A couple of weeks ago, we went to the Portland Poetry Slam at Backspace. Now, I’ve been involved in Slam Poetry off and on for the last decade or so in that wherever I’ve moved, I’ve made it a point to find the local slams, lose at least five in a row, then resign to only reading during the open mic segments, energetically rejecting Slam’s competitive nature. It didn’t occur to me until that night at Backspace, a hip venue in Portland’s Pearl District, that one day I would grow out of Slam altogether – not just performing on its sidelines, but doing my own thing exclusive from its young and angsty passionstance.

Memorization has been a subtle enemy of mine for ages. To evolve the battle one night, I lay on the couch and plucked images from the air, hallucinations and dreams. Somewhere in my body they translated themselves into words, and journeyed into my throat and flew off my tongue and back into the atmosphere from which they came. They sounded like a raft drifting down the Mississippi at night, a woman swishing her feet in the water, decorated in filigree. Like a peacock feather birthed from the corner of her eye, spirals and vines in bluegreen violets swirling.

At the Poetry Jam Aural Pleasure #6, ZigZag and Susan’s lovechild, performers and listeners merged professionalism with infantile grace. I was honored to be amongst you. That inspiration flowed through me and into the microphone. The audience and musicians wrote my second poem; thank you. I choose to interact with poetry right now with a freestyle stream. My knees shake less; heart beats harder.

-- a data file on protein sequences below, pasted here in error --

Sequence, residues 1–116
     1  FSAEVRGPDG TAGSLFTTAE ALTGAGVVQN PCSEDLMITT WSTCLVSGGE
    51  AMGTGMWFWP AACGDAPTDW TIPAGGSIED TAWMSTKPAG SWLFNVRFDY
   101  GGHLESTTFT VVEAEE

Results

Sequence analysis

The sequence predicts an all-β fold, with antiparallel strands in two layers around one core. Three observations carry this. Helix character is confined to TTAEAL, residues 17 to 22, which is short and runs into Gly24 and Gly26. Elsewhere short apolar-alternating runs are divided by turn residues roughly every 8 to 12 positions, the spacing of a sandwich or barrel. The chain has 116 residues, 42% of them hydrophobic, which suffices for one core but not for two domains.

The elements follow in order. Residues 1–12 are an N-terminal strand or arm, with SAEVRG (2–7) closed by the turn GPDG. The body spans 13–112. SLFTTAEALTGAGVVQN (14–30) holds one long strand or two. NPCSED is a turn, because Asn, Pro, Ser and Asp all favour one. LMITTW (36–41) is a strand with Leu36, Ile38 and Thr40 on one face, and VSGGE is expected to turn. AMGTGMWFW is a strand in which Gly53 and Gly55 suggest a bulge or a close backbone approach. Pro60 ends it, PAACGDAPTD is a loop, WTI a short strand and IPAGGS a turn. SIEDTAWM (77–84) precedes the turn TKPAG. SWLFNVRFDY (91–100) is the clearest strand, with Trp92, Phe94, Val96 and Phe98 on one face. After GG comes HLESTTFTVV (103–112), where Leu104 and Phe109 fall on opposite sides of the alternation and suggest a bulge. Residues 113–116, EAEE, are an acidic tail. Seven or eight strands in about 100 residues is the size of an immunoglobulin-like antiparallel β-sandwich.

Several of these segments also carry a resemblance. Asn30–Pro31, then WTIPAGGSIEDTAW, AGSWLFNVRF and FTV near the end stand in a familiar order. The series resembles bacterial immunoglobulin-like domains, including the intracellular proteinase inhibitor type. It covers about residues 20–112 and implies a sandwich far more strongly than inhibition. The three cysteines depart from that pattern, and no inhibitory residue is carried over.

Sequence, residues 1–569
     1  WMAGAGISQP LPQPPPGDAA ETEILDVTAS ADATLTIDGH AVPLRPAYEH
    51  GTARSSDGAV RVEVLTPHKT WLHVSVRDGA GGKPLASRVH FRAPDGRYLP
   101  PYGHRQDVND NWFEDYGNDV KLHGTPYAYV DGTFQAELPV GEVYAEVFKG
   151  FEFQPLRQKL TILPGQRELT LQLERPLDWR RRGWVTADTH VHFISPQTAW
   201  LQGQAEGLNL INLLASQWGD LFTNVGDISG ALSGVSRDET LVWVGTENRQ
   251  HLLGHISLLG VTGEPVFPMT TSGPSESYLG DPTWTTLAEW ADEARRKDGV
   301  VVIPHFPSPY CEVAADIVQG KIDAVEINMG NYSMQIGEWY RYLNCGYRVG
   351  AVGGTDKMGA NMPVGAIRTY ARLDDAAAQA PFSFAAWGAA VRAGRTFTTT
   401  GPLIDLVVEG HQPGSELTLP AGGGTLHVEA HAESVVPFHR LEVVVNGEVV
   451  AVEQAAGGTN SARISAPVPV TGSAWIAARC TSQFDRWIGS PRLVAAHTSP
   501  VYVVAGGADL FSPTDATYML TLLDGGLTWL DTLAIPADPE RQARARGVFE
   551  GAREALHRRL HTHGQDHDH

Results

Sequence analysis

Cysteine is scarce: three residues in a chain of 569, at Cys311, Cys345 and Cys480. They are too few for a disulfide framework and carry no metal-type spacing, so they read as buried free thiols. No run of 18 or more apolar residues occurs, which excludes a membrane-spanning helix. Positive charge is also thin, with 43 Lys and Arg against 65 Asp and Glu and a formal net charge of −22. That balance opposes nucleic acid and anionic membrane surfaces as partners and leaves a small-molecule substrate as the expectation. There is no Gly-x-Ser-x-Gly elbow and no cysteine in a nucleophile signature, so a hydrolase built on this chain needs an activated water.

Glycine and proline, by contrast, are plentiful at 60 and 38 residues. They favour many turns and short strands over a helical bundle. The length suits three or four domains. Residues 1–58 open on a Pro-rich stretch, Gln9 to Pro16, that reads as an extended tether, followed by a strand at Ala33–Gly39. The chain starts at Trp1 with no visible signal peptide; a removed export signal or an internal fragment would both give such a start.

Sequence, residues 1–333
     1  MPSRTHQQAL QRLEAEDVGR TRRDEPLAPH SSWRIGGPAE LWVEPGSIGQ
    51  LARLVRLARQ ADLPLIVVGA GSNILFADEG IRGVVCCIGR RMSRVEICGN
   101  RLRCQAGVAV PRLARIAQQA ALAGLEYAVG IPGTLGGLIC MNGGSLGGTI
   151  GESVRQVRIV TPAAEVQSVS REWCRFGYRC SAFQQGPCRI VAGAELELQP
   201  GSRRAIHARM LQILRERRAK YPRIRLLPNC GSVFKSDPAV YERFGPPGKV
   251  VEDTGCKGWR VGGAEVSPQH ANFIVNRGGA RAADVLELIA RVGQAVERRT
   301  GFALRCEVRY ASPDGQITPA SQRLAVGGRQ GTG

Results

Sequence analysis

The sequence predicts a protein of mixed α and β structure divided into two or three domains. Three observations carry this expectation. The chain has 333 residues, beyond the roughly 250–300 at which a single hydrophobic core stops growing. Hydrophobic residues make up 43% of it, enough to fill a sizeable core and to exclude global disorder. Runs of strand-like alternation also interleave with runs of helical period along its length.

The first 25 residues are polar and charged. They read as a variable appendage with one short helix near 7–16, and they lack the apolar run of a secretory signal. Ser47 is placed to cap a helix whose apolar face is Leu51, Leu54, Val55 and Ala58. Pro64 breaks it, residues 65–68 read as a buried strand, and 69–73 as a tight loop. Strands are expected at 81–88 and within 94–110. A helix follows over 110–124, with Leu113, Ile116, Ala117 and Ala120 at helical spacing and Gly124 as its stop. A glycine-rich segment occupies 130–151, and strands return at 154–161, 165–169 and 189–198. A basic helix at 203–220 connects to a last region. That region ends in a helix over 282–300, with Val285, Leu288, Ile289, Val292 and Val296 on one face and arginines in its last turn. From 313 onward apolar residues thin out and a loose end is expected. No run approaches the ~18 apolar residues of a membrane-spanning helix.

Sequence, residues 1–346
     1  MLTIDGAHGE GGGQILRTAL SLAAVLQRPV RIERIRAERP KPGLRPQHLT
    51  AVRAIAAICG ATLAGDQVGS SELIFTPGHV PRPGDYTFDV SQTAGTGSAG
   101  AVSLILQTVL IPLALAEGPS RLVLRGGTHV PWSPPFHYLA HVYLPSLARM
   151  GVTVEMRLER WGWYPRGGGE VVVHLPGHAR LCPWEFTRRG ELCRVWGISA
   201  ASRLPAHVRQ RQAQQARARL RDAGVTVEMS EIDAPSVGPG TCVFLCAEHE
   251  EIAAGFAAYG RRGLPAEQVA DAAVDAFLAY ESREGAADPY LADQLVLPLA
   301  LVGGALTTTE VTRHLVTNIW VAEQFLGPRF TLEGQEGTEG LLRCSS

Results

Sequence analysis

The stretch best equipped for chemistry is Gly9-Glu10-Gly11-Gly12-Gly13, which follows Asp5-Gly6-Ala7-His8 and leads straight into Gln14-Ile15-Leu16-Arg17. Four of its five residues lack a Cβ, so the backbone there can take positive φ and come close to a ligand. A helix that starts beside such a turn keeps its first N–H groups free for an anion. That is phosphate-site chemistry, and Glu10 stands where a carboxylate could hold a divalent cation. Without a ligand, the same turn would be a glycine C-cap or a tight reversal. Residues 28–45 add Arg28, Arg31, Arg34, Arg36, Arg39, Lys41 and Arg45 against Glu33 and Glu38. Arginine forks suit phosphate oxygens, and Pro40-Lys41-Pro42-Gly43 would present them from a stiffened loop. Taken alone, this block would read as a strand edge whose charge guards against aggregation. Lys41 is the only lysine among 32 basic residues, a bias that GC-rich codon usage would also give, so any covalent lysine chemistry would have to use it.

It snows sawdust in heaven when I cut down poetry to meter and rhyme. Thank you Roberto Bolaño, Saul Williams, and the mercilessly-loyal-to-form poets who thickened my skin to a clammy, callused tattoo. I’ve found a relationship with words that pleases me. Sometimes, it pleases others also: their faces glow, and air stops in their throats. The tempo of the music rises and falls like yogi rib cages on windy ridges. I’m glad to be on stage in those moments, with a mirror to show the audience the beauty I see.

fresh apple

21 September 2013 § Leave a comment

My under-the-stairs writing desk reminds me of Harry Potter’s room: the fake-wood work surface serves as the base of a right triangle whose chopped top angle tells me that there’s a limit to the sky. Perhaps the lack of windows and cluttered artwork clogs the flow of energy. If Feng Shui had an evil twin, he would live in my writing room, between the loud fan of my old Toshiba laptop and the laminate wood grain facade.